I realize that it has been a while since my last post and my thinking about aviation certainly does not echo the frequency of my posts here, however, I recently got a new computer and thought I would share a few quick high level notes on Windows Vista. Maybe my new system will allow me the time to post more frequently here.
Read all about my initial Windows Vista experience after the jump.
First I must say that it has been 9 years since my last computer purchase. I previously had a Dell XPS R400 — Pentium II 400 MHz 384 MB RAM — that was as maxed out as I could get it. At well over $4000 9 years ago I decided to go less aggressive this time around. Last Friday my Dell XPS 410 arrived — Duo Core 2.4 GHz 2 GB RAM — with Windows Vista. I had no choice on choosing Vista or not, but after hearing people talk about the betas for the last year I gave it a go.
A couple of notes about the computer from Dell: Thank you Dell for allowing me to order a computer system without much pre-installed software. This is the first computer I have owned/supported that I have not formatted and re-installed the OS right out of the box because there was so much other junk loaded. I still had to uninstall some of Dell’s “support” software but the uninstall process was painless. I think Dell is doing more and more to stay competitive in the market and a “no pre-installed software” feature helps a lot!
On to Vista:
Out of the box I was pretty impressed with the Aero interface. Aero is the high performance graphics card, RAM sucking, very “MACish” looking interface that all-in-all really looks pretty nice when you get over its resource sucking requirements. After hearing that lots of people had turned it off in the beta tests, I decided to leave it on after using it for a few hours.
One thing you will notice right away is all the alerts that frequently pop-up. This feature is called User Account Control (UAC). This feature restricts the permissions that applications run at and requires “admin” approval before they launch. Let me put it this way: have you seen the MAC commercial called Security with the security officer that is intercepting the PC/MAC communication? Vista is a lot like that out of the box. I think it is a good step for Security, but if you have not seen the video check it out at http://www.apple.com/getamac/ads/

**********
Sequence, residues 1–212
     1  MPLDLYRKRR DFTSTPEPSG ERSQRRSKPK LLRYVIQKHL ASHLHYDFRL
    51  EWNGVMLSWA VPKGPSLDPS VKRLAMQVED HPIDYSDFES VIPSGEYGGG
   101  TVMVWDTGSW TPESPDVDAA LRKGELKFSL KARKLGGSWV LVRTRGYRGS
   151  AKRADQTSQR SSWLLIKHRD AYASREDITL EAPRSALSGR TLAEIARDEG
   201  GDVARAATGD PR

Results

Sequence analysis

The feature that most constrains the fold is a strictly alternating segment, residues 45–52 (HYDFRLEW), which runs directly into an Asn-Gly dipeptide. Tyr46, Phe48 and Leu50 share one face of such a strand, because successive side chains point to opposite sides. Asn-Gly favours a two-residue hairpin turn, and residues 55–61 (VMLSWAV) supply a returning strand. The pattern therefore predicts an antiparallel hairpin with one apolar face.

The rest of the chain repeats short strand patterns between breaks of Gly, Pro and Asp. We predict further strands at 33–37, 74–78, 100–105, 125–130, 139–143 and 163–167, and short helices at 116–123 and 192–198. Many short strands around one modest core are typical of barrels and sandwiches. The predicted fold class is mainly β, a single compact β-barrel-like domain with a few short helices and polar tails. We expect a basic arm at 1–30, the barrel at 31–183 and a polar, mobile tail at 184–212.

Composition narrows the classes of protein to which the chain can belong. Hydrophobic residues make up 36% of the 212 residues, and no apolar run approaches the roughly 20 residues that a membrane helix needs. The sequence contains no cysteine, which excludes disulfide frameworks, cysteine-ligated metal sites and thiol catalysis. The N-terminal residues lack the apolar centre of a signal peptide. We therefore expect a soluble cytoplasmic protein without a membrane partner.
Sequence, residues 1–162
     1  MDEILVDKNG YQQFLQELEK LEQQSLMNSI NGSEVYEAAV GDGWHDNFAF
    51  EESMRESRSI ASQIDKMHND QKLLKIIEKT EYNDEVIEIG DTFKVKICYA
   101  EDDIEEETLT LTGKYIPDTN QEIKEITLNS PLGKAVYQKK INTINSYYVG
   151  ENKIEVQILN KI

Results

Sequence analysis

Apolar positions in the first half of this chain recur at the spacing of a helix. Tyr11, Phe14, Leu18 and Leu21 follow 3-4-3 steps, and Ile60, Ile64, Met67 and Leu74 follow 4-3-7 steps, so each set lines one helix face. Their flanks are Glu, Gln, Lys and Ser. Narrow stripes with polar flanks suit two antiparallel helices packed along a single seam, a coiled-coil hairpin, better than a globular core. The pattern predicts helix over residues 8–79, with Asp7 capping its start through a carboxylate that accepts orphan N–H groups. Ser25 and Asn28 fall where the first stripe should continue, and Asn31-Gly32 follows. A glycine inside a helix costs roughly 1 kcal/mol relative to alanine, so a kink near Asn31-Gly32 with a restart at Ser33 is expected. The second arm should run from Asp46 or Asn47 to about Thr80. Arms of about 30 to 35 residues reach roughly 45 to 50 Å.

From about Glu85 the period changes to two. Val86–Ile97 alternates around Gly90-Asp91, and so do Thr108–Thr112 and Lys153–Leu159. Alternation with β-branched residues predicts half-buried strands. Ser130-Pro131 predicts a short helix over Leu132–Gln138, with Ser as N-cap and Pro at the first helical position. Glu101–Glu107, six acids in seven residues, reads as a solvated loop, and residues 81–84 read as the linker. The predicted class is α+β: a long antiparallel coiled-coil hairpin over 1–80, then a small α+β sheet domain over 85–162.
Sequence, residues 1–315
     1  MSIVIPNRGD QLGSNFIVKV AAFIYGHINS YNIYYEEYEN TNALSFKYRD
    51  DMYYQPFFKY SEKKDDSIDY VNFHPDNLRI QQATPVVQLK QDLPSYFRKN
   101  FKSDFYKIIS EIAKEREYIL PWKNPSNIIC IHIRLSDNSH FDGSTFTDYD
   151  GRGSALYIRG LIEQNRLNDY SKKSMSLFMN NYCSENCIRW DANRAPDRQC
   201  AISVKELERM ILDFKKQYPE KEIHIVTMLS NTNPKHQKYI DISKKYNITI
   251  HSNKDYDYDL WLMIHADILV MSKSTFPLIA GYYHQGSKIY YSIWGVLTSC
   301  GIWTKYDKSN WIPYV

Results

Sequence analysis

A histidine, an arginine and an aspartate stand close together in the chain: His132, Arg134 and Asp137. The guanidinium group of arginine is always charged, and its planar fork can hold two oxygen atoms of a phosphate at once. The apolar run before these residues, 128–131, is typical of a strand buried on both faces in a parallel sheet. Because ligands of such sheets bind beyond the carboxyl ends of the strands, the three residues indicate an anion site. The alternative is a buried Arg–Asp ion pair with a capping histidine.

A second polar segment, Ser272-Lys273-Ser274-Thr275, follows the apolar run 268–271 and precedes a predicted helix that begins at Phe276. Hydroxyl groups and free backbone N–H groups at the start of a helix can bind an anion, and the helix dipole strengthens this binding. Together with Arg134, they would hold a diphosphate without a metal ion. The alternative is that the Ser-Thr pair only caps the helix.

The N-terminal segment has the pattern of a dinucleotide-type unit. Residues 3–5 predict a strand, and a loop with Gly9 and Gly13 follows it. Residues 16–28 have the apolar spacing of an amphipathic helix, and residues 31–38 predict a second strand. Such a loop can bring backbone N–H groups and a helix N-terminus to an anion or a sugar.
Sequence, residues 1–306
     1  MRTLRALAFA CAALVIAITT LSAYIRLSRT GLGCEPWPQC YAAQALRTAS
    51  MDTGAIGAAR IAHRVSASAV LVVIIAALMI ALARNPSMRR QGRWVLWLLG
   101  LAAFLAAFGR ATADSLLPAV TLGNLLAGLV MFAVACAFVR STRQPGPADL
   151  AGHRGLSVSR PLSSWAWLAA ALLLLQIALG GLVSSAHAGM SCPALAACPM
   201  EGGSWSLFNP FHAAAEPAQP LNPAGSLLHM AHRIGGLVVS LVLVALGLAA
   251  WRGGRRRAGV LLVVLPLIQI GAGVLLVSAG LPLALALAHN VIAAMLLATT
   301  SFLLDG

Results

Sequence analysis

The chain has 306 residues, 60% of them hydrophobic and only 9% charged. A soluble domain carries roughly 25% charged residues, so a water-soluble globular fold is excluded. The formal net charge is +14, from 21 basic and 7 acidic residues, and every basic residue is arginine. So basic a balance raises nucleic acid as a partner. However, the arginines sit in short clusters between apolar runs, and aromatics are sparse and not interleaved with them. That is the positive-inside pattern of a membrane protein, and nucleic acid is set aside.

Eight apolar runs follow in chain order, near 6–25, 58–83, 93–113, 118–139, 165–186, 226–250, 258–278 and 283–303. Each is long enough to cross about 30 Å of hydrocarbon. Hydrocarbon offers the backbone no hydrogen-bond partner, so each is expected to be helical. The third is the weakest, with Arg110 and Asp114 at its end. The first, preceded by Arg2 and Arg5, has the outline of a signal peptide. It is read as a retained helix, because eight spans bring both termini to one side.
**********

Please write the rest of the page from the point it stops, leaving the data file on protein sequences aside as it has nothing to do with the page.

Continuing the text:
I would encourage you to enable the DEP which was on for only Windows Programs/Services on my machine. If you have the hardware that supports it I would enable it for all applications as it helps protect you from buffer overflows or overruns which is a frequently used technique to get viruses and other junk on your computer. Make sure you understand the implications first, but if you can, I’d recommend you enable it. To learn more, check out the Security Now! Podcast episode number 78 titled DEP in Depth.
I did have some problems getting some older software installed from my old XP machine, but some things just took a little extra effort that any power user could overcome. Office 2003 even gave me a few fits if the CD was not in the drive when it needed to install something. I was most disappointed that iTunes was not formally supported for Vista. Did Apple not test with the very public betas that were released? I think 1 month after the public launch and 3 months after the release to manufactures (RTM) they would have had more than enough time to get their software ready to go. Moving iTunes and my music was the biggest headache and took me 2+ hours. iTunes v18.104.22.168 will work under Vista, but it will take a few trips to the Apple support site, a special file permissions tool from Apple and some searching on Google. Before you even start, make an extra copy of your iTunes folder! If I was not already so locked into my iPod/iTunes I might give the Zune a shot based on this experience alone! Apple you really disappointed me here!
The only other problem I had was issues installing my pilot logbook software called Logbook Pro. It is not formally supported under Vista but after trying the install a few different ways I did get it to load. I hope they have a formal Vista version soon, but their XP release was very stable! It seems to work pretty well in Vista with only the install process giving me fits initially.
I like the changes that Microsoft has made. I would not upgrade an old computer, but I think it works on a new system purchase just fine. The OS has been very stable and outside of software problems that exist only because there is not formal Vista version available I have been pretty impressed. I like the enhancements and UI changes that Microsoft made and the software stuff will work itself out as Vista gets a larger install base. Overall I give it 3 out of 4 stars for the OS itself.